Teaching: Kara teaches about any and all social aspects of language, normally considered a subfield of linguistics called sociolinguistics. Sociolinguists take what we know about language from formal linguistics (how sounds, sentences, etc. are modeled in the brain and function for speakers of a language) and describe how it gets used by people in the real world. Topics ranging from the relationship between language and any social attribute (language and social class, language and gender, language and age, etc.), to regional differences in language, to language change, to marginalized languages (like African American English, or pidgin and creole languages), are all in the purview of sociolinguistics.
Research: Kara's research has focused on dialects of American English, whether regional or social. In particular, she has investigated the regional dialect of New York City, New York City English (NYCE), and how it has changed over time. She has worked on other American English dialects as well as social dialects of American English, in particular African American English (AAE). Her interests range from quantitative descriptions of dialects and their sociophonetic properties to the social meanings of dialect features, and how these features are used by individual speakers in social practice to agentically create aspects of identity.
Sameer ud Dowla Khan
Teaching: Sameer teaches courses dealing with the production, perception, and underlying patterns of speech sounds in the world's languages. Every year, he teaches phonetics, phonology, and half of the introductory course on formal linguistics. He also teaches more specialized courses on intonation, laboratory phonology, phonological knowledge, linguistic field methods, and South Asian languages.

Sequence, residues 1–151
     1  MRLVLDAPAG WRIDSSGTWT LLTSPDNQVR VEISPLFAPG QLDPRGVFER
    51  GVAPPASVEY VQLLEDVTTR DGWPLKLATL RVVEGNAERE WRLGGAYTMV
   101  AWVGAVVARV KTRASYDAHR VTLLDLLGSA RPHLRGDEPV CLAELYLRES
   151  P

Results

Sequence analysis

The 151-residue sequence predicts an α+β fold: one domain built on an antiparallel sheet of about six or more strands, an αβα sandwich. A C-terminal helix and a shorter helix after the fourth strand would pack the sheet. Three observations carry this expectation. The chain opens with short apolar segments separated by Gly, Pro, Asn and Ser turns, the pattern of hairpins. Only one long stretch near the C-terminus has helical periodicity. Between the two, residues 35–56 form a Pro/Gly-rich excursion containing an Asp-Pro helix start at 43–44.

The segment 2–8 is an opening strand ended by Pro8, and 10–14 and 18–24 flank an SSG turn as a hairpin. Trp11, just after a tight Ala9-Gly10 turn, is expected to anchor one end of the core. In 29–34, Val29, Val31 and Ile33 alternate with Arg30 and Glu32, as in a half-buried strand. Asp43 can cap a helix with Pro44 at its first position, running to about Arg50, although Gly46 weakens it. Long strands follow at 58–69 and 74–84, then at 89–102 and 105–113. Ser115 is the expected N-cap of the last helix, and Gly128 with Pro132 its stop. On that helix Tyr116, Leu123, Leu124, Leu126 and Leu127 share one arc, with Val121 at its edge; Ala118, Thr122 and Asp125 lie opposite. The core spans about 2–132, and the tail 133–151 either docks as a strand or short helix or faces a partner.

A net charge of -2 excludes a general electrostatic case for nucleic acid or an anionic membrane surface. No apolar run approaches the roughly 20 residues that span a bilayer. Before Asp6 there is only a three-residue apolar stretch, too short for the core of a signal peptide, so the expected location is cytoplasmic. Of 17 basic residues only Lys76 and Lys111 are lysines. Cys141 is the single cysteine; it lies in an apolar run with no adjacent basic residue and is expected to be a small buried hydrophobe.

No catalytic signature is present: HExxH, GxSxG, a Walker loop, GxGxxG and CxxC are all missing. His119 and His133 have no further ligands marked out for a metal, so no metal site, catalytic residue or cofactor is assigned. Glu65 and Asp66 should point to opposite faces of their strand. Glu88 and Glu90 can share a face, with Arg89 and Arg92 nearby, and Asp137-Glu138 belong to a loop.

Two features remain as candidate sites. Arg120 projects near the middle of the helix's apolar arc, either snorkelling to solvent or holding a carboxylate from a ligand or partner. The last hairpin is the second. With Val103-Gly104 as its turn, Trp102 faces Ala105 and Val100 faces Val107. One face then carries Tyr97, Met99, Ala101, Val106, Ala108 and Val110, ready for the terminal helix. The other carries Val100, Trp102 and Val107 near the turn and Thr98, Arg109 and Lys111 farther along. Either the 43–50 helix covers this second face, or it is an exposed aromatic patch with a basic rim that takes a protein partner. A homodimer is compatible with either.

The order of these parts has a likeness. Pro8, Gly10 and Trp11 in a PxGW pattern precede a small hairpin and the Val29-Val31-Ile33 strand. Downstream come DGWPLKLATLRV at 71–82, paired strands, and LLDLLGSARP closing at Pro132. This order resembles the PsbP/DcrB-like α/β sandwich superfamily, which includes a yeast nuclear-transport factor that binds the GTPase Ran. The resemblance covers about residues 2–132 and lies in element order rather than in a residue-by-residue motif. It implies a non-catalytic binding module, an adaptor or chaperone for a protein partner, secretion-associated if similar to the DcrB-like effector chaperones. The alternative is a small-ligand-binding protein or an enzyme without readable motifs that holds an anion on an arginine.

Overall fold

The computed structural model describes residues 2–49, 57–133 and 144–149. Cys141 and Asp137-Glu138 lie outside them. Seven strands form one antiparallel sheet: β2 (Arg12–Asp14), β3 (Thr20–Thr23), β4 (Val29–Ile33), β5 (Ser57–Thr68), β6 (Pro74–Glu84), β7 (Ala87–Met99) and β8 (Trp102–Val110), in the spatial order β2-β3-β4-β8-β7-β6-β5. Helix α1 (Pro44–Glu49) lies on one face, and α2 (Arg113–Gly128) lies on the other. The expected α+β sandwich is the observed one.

Research: Sameer's research interests span the phonetics and phonology of understudied languages and dialects. Some of his current projects investigate the measurement of (dis)similarity in Bengali echo reduplication, the acoustic and electroglottographic properties of contrastive voice quality in English, and the intonation and speech rhythm of infant-directed speech. He has also been developing a typological model of South Asian intonational phonology within the Autosegmental-Metrical framework.
Teaching: Matt teaches courses in a variety of subjects relating to formal analysis. His focus is on introductory and advanced syntax from a generative perspective, as well as grammatical description, cross-linguistic variation, and language universals. In addition, he regularly offers courses in morphology (and its interface with phonology and syntax), semantics (and its interface with syntax), and field methods. Matt has also taught courses in phonology, historical linguistics, and the structure of Austronesian languages.
Research: Matt's research focuses on the morpho-syntax of Malagasy (Merina dialect), an Austronesian language spoken on the island of Madagascar. Topics which he has investigated include word order variation; topic, focus, and the structure of the left periphery; argument structure and its relationship to verbal aspect and verb morphology; double object and applicative constructions; tense and aspect; and constraints on A-bar extraction.